Is Retrans Cash Viable?


Viacom Inc.’s CBS Television Network is likely to seek cash for carriage from cable operators for retransmission consent in the years following the media company’s planned division into two separate operating units, company officials told analysts last week.

Viacom announced in March its plan to cleave itself into two separate, publicly traded units, one company consisting of its MTV Networks cable channels and studio Paramount Pictures, the other including its CBS and UPN broadcast networks, its TV stations, radio properties and outdoor advertising. The MTV Networks unit will be led by Viacom co-president and co-chief operating officer Tom Freston. Viacom co-president and co-COO Les Moonves will head up the other division.


In a conference call April 19 with analysts to discuss first quarter results, Viacom chairman Sumner Redstone said that plan is moving forward.

Redstone said the company should make a decision on the separation by the end of the current quarter. The split could be completed by the first quarter of 2006, he said.

Asked what would happen with retransmission consent once the spinoff is completed, Moonves said it presents a perfect opportunity to start getting cash for carriage from cable operators.

“We think there’s a real possibility that CBS will be able to generate cash for our retrans,” Moonves said on the call.

Cable operators have largely resisted paying cash for carriage of broadcast networks. And the four major broadcasters have largely used retrans to force operators to carry their less-popular niche networks.

However, on the conference call, Freston said that Viacom’s cable networks don’t expect to get that much benefit from retrans in the future.

“Retrans has been a great value to MTV Networks over the last five years since we merged with CBS as we’ve been able to mop up all kinds of analog and digital space coincident with the cable operators rolling out their digital-network platform,” Freston said. “We think that game is largely over. Most of our deals are done until the end of the decade. Cable operators will be focusing more and more on VOD and broadband.”

Moonves said that CBS will not likely see cash for carriage for several years, mainly because most of its deals won’t expire for a few years.

“Nothing is going happen until these deals expire, some of them are coming up in the near future,” Moonves said. “As we go forward post-split, we think in the next three to five years it [cash for carriage] could be worth tens of millions of dollars to the CBS network.”


But CBS shouldn’t begin spending that retrans money yet. Cable operators, loath to pay cash for retransmission in the past, appear to be gearing up for a fight.

Last week, more than 55 cable companies, independent programmers and national organizations filed comments with the Federal Communications Commission in support of the American Cable Association’s call for reform of retransmission-consent rules.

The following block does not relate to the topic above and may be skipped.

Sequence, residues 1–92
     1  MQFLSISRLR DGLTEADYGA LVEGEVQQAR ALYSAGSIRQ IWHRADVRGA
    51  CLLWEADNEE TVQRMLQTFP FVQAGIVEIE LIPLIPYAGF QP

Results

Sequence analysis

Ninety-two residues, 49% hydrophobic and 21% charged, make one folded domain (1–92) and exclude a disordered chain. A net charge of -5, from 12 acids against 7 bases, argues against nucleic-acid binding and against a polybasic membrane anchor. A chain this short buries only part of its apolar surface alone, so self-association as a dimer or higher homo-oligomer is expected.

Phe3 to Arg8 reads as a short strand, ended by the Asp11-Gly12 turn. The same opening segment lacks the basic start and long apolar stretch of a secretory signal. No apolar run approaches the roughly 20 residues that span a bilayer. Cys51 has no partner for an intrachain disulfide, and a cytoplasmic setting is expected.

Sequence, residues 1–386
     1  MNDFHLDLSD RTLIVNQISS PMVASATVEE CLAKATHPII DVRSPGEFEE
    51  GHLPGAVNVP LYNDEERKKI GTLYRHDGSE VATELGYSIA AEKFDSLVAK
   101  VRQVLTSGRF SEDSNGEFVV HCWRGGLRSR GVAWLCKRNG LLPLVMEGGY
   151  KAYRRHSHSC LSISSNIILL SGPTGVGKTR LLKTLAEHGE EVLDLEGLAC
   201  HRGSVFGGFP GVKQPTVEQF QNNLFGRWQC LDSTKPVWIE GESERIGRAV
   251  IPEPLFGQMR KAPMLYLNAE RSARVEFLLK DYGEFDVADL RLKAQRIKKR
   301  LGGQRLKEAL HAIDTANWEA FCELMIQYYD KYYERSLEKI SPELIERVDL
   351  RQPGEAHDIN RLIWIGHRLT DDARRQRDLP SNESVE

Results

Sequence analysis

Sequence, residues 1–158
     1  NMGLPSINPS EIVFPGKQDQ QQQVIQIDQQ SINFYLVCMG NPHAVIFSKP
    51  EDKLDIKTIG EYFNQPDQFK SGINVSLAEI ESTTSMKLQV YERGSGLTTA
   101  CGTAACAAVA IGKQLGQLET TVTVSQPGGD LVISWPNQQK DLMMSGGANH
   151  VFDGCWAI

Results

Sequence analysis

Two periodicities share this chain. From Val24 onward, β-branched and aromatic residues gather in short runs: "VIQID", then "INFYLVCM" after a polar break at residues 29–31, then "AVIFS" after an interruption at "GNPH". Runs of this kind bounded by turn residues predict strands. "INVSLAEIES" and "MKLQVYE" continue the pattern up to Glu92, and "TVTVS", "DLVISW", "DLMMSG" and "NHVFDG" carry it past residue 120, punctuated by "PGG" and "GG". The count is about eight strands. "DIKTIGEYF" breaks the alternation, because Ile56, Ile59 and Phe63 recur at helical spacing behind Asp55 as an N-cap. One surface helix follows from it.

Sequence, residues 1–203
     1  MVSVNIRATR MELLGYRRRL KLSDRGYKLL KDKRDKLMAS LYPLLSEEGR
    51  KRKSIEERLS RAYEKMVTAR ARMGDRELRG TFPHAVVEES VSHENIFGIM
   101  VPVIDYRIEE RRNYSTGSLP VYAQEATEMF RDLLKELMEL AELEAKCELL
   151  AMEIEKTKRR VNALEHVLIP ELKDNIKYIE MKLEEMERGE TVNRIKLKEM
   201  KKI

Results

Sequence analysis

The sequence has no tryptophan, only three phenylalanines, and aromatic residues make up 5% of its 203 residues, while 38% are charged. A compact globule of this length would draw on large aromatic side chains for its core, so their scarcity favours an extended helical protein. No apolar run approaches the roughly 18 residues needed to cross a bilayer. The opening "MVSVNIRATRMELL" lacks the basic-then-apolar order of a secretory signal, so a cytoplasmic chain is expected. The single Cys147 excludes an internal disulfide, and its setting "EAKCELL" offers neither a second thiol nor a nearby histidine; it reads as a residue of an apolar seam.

The ACA, a lobbying group for independent cable operators, in March filed a petition with the FCC asking the body to examine and change regulations used by the Big Four TV broadcast networks — including CBS — and TV-station groups to allegedly prop up the price of retransmission consent. The ACA charged that cash-for-carry retransmission-consent demands could cost the ACA and its customers an estimated $1 billion if current rules aren’t changed.

The ACA petition has drawn comments in support from the National Cable and Telecommunications Association, the National Cable Television Cooperative, Court TV, Hallmark Channel, Mediacom Communications, Cebridge Connections, Atlantic Broadband, Millennium Digital Media, Armstrong and Susquehanna Communications.

“Retransmission consent is simply outdated regulatory policy — it precludes the television distribution arena from operating equitably,” Robert Rose, Court TV’s executive vice president of affiliate relations, said in his network’s comments.

The FCC last month released the petition for public comment to the ACA filing, with comments due last week.

“The regulations identified by the ACA, particularly retransmission-consent provisions, may cause adverse marketplace consequences, including further difficulty in launching and distributing new services, because cable operators forced to divert substantial payments to broadcasters have less to spend on new, independent programming,” Paul FitzPatrick, Crown Media’s executive vice president, said in Hallmark’s comments.

Regarding the filings in support of the ACA, president and CEO Matt Polka said, “This enormous record and response from across the country shows that retransmission consent is not working well for consumers, cable operators or the public interest.”


While cash for retrans is still up in the air, Freston gave some insight on possible acquisition targets for the MTV Networks division after the planned split.

“If a cable network comes up for sale, particularly something that has an older skew where we have less inventory than kids, teens and young adults, we would be very interested,” Freston said. “It’s going to depend on the quality of the network and of course on the price. We’re also looking at acquisitions [in] smaller, largely Web-based companies that would enhance our existing web businesses in the demographics we appeal to. Those would be things around video games, community sites and things of that like.”

For the quarter, Viacom reported revenue growth of about 5% to $5.6 billion and cash flow rose 6% to $1.3 billion, mainly because of strong performance at its cable networks. Cable network revenue was up 19% in the period to $1.7 billion while cash flow increased 17% to $695 million.